Each cup of Dr Red SPEAROLE Tea contains the antioxidants of 3 whole cups of tea (Spearmint, Olive Leaf and Green Tea) and a glass of Red Wine.
Dr Red Spearole Tea is a refreshing spearmint tea highly concentrated with a diverse array of antioxidants.
Each Dr Red Spearole Tea 150 gram pack makes 100 cups of tea.
Dr Red Spearole Tea
Get your Dr Red Spearole Tea now!
Scientists at The University of Queensland have made remarkable progress with this powerful food concept that boasts an array of powerful antioxidants from superfoods.
The approach was to test individual antioxidant beverages and combinations in the laboratory and then determine the optimal formula.
Brewing Instructions: Brew using one level teaspoon (1.5 grams dry weight) of SPEAROLE per cup. For best results steep no longer than two minutes.
Ingredients: Green Tea, Olive Leaf, Oil of Spearmint, Grape Skins, Grape Seeds, Spearmint Sprouts
Three cups of green tea a day could keep obesity at bay. Research shows the tea helps the pounds melt away, even while still eating junk food. Spearole Tea, a blend of green tea, spearmint, grape seed and olive leaf, also cuts blood pressure and makes it easier for the body to process sugar, a medical conference will hear tomorrow. Researcher Dr Lindsay Brown said: ’If someone had told me you could do all these things with something as simple as green tea with olive extract I would said they’d been out in the sun too long. ’It is simply amazing.’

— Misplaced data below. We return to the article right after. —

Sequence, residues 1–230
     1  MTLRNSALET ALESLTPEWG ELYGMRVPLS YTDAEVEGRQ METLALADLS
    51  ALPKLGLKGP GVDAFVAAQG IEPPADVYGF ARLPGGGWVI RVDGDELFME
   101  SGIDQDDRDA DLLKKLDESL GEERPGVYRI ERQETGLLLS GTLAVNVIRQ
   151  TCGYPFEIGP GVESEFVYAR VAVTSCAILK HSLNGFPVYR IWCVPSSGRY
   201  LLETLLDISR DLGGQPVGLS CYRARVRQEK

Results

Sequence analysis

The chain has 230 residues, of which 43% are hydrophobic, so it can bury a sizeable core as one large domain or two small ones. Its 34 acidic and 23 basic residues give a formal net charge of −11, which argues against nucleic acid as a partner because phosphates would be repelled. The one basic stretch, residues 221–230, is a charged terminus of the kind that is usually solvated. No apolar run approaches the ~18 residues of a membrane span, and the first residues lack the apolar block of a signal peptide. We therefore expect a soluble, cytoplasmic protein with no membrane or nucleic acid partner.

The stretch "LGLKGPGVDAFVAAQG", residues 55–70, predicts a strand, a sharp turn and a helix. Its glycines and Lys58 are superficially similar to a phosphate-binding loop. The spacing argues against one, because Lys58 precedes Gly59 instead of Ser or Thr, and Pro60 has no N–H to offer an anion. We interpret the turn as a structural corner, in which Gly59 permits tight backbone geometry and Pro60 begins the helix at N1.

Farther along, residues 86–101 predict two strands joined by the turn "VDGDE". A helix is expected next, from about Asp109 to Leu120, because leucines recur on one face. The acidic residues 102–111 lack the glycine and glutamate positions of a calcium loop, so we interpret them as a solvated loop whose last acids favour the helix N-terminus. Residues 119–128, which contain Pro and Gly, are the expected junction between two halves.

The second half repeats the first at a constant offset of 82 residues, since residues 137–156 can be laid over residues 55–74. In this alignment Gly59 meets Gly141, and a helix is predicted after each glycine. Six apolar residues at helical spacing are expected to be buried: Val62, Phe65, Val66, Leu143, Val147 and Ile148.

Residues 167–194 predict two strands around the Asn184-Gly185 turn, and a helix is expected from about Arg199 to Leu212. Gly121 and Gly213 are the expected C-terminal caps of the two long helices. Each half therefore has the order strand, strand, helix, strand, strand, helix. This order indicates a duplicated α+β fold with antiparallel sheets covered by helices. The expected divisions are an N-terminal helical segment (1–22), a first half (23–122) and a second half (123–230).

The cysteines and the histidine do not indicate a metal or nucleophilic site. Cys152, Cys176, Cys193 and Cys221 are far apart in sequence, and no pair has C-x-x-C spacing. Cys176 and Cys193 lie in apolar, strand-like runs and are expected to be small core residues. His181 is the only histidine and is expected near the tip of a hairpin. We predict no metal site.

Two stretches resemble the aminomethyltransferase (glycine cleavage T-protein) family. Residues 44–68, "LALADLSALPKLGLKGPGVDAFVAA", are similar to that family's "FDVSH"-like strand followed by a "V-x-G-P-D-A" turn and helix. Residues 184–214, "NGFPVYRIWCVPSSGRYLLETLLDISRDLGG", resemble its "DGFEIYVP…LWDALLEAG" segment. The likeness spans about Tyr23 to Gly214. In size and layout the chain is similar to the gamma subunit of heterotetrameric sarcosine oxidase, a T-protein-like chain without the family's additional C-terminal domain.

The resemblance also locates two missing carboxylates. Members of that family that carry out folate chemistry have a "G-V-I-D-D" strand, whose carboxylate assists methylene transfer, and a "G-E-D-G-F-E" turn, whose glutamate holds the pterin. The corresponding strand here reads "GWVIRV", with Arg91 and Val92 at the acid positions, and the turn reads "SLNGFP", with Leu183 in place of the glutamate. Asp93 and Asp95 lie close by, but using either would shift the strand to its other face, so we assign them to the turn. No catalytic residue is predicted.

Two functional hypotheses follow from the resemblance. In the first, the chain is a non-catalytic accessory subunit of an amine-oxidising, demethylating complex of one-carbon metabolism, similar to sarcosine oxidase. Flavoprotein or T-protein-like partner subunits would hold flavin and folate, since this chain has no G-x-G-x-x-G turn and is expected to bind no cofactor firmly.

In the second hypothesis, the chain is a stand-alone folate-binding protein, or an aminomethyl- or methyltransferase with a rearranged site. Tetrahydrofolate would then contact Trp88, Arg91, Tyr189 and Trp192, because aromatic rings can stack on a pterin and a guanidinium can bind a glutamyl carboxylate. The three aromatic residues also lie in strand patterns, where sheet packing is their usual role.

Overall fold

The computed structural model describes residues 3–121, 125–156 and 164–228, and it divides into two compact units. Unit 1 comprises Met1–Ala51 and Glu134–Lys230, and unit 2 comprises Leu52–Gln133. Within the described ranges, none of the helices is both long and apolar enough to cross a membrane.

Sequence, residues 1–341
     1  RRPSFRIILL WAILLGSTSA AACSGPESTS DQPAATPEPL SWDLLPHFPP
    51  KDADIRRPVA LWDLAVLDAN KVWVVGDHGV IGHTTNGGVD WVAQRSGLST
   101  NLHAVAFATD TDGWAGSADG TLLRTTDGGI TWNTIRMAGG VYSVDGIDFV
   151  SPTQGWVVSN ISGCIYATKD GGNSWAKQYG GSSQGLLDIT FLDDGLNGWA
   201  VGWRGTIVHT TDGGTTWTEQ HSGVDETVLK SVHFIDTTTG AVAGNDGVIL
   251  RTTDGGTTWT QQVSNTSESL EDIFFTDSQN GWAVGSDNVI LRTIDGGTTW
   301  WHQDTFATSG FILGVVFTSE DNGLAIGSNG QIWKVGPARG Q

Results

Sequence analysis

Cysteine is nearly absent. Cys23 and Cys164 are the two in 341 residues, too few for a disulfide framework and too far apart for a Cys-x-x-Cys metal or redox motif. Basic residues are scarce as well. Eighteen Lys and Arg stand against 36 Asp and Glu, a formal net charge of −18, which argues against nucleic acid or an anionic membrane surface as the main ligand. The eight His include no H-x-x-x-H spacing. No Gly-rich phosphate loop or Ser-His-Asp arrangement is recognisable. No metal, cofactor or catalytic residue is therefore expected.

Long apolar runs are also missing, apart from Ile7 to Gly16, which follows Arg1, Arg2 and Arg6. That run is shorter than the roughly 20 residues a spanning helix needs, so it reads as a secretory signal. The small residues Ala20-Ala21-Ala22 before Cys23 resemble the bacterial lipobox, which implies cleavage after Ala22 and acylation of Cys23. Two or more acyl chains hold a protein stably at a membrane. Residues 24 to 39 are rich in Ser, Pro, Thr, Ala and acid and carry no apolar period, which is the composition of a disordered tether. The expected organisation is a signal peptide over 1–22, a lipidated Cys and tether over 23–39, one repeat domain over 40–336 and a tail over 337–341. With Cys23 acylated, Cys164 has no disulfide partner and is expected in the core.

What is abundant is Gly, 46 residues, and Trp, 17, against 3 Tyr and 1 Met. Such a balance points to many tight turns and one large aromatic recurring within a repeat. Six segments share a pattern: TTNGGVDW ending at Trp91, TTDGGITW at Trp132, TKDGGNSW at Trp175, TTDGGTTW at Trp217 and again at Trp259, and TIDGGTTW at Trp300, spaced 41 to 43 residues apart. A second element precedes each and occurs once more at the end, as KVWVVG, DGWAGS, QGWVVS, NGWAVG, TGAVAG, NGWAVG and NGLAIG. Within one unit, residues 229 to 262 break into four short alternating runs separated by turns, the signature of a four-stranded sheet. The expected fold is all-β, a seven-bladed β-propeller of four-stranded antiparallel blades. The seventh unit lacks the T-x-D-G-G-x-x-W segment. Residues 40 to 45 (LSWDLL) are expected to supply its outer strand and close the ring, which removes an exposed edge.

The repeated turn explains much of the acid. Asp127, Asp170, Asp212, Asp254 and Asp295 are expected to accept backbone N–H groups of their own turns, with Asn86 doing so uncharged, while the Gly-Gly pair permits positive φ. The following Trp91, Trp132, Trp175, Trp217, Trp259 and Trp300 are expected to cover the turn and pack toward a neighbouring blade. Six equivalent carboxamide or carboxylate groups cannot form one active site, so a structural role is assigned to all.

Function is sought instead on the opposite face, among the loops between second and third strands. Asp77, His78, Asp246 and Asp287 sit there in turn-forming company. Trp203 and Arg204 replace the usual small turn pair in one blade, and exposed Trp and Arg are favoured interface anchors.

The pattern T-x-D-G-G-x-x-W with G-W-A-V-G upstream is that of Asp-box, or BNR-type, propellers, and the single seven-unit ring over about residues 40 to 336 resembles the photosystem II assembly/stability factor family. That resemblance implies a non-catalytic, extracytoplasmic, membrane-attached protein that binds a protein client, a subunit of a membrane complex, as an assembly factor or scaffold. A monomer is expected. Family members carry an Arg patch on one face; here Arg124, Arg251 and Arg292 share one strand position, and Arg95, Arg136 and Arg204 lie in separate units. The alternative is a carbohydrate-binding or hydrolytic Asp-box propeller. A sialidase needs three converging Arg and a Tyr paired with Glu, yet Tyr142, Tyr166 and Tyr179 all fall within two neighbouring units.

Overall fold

Dr Brown, a pharmacologist at Brisbane’s Queensland University, studied the effect of the tea on the health of a group of rats. The creatures were fed a fat and sugar-laden diet caused
the amount of fat around their bellies to double in eight weeks and their blood pressure to soar.
When Spearole Tea was added to their diet, their waistlines and their blood pressure quickly returned to normal. This was despite the continuing to eat junk food, the Australian Health and Medical Research Congress will hear. Dr Brown said it was likely three cups of the tea a day could also help people stay trim, improving overall health.
Warning that the obesity epidemic threatened to wipe out the gains achieved by improvements to heart health, he said: ’The UK, the US and Australia all have something like 60 per cent of the adult population overweight or obese. ’The decrease in cardiovascular mortality in the last 40 years has added on average six years to life expectancy. ’That is the biggest increase in life expectancy in one generation in the history of the species. ’The control of cardiovascular disease has had an amazing effect on survival and that is at risk from obesity.’
Tea touted as weight cure - As seen in Courier Mail